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Will a Swimming Pool Heat Pump Work in Dry Climate?

Many articles have been written about air source heat pumps utilizing ambient air to transfer heat instead of creating it, thus, saving you money on electrical use. With that being said, it is also known that air source heat pumps need the humidity from the air to be faster when transferring this heat and warming your pool water quicker. Will a Swimming Pool Heat Pump Work in Dry Climate? We will explore this question during this article.

The Reality

Most heat pumps are rated at 80°F (27°C) swimming pool water temperature, 80°F (27°C) ambient temperature, and 80% relative humidity. A heat pump’s BTU output may drop by 6%, depending on equipment design, when relative humidity drops from 80% to 63%.

Yes it is true that air-source heat pumps operate better in temperatures over 50°F (10°C) and a heat only swimming pool heat pump can work effectively down to the mid to lower 40°’s. However, a point to remember is that ambient temperature plays a major role when it comes to air-source heat pumps. The colder the air, the less heat your heat pump will be able to produce.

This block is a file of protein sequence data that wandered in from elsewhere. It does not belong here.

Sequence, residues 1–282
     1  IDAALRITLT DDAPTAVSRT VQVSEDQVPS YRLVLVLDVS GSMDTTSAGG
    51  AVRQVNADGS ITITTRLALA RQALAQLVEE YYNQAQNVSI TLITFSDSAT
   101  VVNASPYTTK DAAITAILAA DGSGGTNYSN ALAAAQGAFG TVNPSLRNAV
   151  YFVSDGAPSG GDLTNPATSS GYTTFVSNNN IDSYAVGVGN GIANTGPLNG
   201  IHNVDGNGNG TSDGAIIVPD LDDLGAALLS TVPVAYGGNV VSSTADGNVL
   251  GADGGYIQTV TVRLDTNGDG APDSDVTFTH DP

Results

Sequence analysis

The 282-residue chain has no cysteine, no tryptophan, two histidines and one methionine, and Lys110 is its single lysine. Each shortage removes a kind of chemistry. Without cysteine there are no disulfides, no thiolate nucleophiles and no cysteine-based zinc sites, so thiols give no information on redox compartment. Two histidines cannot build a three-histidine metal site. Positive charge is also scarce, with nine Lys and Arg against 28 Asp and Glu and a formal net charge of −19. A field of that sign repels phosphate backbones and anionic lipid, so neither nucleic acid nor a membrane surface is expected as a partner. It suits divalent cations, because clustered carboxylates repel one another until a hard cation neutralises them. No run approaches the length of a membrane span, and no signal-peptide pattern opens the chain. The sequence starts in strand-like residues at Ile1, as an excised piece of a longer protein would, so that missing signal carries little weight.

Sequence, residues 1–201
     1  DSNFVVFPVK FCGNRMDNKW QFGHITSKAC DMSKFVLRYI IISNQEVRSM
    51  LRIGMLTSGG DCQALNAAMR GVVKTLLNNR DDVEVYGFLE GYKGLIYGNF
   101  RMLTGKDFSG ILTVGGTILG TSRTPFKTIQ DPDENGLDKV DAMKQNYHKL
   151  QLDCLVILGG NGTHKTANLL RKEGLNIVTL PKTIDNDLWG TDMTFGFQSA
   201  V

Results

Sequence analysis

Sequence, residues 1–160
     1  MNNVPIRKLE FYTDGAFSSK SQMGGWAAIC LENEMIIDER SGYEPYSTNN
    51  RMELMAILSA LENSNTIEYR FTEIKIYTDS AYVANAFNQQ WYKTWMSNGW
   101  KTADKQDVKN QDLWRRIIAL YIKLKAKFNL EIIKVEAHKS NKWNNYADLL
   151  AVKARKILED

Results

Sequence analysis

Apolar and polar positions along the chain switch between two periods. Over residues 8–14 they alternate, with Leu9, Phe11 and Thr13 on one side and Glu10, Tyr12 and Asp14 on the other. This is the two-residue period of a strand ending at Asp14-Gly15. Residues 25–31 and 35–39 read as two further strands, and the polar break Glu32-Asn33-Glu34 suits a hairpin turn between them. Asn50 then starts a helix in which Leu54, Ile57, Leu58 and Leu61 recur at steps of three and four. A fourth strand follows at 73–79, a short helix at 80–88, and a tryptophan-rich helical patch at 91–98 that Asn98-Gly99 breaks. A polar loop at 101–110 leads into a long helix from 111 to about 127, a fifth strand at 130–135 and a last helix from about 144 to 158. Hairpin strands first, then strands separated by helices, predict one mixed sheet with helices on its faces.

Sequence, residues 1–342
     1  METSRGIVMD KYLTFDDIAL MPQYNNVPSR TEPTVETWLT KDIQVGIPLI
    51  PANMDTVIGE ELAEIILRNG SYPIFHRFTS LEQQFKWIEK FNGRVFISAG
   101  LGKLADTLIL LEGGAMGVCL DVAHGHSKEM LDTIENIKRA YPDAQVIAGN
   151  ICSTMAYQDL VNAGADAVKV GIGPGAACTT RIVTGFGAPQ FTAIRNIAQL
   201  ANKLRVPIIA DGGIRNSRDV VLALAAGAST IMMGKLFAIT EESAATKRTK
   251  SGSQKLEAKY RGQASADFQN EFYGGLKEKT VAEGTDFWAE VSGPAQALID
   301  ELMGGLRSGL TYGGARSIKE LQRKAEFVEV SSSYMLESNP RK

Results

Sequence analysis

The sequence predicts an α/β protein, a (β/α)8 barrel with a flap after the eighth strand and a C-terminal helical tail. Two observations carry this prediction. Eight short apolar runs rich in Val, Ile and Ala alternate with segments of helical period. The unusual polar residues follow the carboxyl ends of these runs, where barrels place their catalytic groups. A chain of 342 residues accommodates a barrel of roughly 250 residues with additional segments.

Reversible Units

Reversible units, such as AquaCal’s ICEBREAKER™, can operate when the outside temperature is down to mid to low 20°’s, a good rule of thumb of for these units: The highest water temperature rise you can get from an air-source heat pump is 30° (In a perfect world/perfect conditions). For example, if the outside air temperatures average is 30°F the hottest temperature you will get out of your pool is around 60°F.

High Temperatures

The higher the water temperature and the lower the humidity, the greater the evaporation rate will be in the pool. The cooler the outside air being drawn into the heat pump is, the more energy an air-source heat pump will use in relation to the heat produced. However, if living in an area of warm or mild weather, this would not usually be an issue.


Air-source heat pumps can operate in a variety of weather conditions. You could have cold weather, high temperatures low or high humidity and a heat pump can be for you. The difference would be in efficiency and how long it would take for the unit to heat your pool to your desired temperature.

For those of you in cold weather climate, an air-source heat pump can also be used, like the AquaCal’s ICEBREAKER™, if you would like to learn more about how these heat pumps work, please click here

Please feel free to leave us any comments and/or questions, we would be happy to answer them for you!

This Post Has 9 Comments

  1. Hello,

    I’m in the process of redoing my pool deck and before making final design decisions on a planter wall, trying to understand how much space from a fence I should be leaving for a pool heater. I may elect to buy on this season but at the minimum, need to know in the next week or two what dimensions I should be expecting from the unit and how much space, if any, should be left from a wood fence so I don’t eliminate my ability to add with the wall installation. I am in Northern California.